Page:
Real Estate Investment Firm Fired Three Employees Because of Pregnancy, Federal Agency Charges
CAMDEN, N.J. - Friedman Realty Group, Inc., a real estate investment firm that owns and manages apartment communities, retail shopping centers, and professional office buildings, violated federal law when it fired at least three employees based on pregnancy, the U.S. Equal Employment Opportunity Commission (EEOC) charged in a lawsuit it announced today.
According to the EEOC's lawsuit, Brianna Mazzella worked as a leasing agent at Friedman's Prospect Park, Pa., facility and received performance-based salary increases. In mid-March 2013, Mazzella told the regional property manager that she was pregnant. The EEOC charges that thereafter the regional property manager made disparaging comments about pregnancy, including saying that "when women get pregnant they get stupid," and "I would never have kids, it's gross." After learning about Mazzella's pregnancy, the regional property manager also subjected her to unwarranted job scrutiny and unrealistic deadlines or goals. The EEOC says that Friedman terminated Mazzella in August 2013 because of her pregnancy.
Freidman also fired two other women because of their pregnancies. In 2013, Friedman terminated an apartment cleaner who had been employed for almost three years just three days after she disclosed her pregnancy to the company vice president, the EEOC charges. Friedman also terminated a leasing consultant who worked at its Somers Point, N.J., facility in April 2017, three months after she told the vice president and other managers that she was pregnant, according to the suit.
Such alleged conduct violates Title VII of the Civil Rights Act of 1964, as amended by the Pregnancy Discrimination Act, which prohibits discrimination because of pregnancy, childbirth, or a medical condition related to pregnancy. The EEOC filed suit (EEOC v. Friedman Realty Group, Inc., Civil Action No. 1:17-cv-07659) in U.S. District Court for the District of New Jersey, after first attempting to reach a pre-litigation settlement through its conciliation process. As part of the suit, the EEOC is seeking back pay, compensatory and punitive damages on behalf of Mazzella and other class members, as well as broad injunctive relief.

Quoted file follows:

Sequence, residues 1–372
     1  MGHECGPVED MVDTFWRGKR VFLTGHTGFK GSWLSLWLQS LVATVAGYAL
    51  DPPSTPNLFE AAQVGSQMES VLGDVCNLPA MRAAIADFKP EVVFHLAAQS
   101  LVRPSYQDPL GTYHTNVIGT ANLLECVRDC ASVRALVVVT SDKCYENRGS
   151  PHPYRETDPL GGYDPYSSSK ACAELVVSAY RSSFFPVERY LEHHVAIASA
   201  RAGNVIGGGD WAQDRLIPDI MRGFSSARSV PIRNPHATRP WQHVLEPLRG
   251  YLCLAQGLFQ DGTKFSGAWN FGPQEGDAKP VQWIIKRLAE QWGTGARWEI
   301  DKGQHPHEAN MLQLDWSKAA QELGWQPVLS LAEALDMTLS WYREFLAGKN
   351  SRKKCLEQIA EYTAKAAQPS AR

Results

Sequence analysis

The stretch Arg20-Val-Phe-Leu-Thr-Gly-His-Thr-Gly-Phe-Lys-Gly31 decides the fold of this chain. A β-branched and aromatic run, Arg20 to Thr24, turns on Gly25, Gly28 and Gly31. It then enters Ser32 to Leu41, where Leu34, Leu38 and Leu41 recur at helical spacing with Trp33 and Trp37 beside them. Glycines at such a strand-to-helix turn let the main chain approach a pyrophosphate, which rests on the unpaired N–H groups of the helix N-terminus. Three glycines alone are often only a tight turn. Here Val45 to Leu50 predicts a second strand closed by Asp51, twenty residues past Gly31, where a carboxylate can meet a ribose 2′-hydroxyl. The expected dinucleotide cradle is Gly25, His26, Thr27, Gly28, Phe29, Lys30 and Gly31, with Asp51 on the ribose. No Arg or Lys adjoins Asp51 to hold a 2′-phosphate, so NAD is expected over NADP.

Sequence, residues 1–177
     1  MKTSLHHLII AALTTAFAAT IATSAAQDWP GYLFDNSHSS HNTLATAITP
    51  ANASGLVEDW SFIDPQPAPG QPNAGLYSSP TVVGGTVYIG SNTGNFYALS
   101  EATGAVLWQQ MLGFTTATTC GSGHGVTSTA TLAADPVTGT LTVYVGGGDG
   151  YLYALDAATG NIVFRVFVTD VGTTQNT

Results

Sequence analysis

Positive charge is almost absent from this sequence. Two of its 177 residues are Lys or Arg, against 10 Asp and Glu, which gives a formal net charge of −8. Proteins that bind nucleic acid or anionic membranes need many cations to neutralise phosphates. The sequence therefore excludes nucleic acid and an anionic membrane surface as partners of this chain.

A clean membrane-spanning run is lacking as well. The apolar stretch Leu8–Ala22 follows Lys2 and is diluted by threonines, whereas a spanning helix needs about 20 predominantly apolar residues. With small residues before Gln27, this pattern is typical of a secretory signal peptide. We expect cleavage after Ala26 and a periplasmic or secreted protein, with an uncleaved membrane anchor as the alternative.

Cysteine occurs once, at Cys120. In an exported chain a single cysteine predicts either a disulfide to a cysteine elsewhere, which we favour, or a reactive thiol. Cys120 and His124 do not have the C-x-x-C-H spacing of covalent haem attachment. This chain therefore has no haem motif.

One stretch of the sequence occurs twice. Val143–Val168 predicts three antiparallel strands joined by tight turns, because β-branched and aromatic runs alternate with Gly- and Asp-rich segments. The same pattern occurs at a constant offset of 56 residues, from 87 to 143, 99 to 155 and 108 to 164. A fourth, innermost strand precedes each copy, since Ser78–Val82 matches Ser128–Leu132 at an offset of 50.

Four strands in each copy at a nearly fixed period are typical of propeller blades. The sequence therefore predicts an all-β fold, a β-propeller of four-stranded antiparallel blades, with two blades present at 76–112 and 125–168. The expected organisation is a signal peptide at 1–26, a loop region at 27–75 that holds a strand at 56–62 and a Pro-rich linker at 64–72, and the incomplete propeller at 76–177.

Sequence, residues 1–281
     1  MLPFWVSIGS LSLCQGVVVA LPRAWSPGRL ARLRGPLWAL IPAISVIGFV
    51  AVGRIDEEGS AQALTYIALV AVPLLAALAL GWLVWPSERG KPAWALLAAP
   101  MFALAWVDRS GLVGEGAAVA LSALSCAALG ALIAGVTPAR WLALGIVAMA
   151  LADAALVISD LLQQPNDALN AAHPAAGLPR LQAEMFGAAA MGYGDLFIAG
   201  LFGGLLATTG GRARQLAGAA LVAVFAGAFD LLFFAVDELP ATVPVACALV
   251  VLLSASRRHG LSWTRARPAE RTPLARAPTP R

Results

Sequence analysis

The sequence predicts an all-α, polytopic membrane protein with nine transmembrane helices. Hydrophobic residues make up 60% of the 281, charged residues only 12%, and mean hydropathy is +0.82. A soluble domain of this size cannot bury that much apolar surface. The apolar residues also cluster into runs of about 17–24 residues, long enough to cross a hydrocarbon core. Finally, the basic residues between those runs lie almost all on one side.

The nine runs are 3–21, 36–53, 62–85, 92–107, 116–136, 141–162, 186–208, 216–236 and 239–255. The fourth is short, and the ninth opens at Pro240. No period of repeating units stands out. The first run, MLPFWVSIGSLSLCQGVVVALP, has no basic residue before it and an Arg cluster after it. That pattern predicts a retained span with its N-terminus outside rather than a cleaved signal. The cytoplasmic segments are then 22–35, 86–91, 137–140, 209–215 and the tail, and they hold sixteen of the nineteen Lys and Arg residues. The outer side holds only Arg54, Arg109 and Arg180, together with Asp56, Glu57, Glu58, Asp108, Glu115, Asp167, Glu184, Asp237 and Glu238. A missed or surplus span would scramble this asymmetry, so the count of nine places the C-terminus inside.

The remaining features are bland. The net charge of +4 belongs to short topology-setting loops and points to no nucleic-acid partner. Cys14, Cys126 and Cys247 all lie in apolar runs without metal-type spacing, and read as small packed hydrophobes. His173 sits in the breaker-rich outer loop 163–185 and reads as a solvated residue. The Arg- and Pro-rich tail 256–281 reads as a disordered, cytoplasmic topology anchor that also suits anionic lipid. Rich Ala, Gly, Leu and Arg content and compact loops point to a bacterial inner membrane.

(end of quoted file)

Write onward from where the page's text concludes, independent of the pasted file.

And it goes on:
"These women were doing a good job, but Friedman fired them when they needed their salaries the most - as they were preparing to support a growing family. That's unjust and against federal law," said EEOC Philadelphia District Office Regional Attorney Debra M. Lawrence.
EEOC District Director Kevin Berry added, "It's bad for society when an employer deprives hard-working women and their families of their livelihood because of pregnancy. The EEOC is here to defend the rights of pregnant workers."
The EEOC's Philadelphia District Office is one of four offices in the Philadelphia District, which has jurisdiction over Pennsylvania, Maryland, Delaware, West Virginia and parts of New Jersey and Ohio. Attorneys in the Philadelphia District Office also prosecute discrimination cases in Washington, D.C. and parts of Virginia.
The EEOC advances opportunity in the workplace by enforcing federal laws prohibiting employment discrimination. More information is available at www.eeoc.gov. Stay connected with the latest EEOC news by subscribing to our email updates.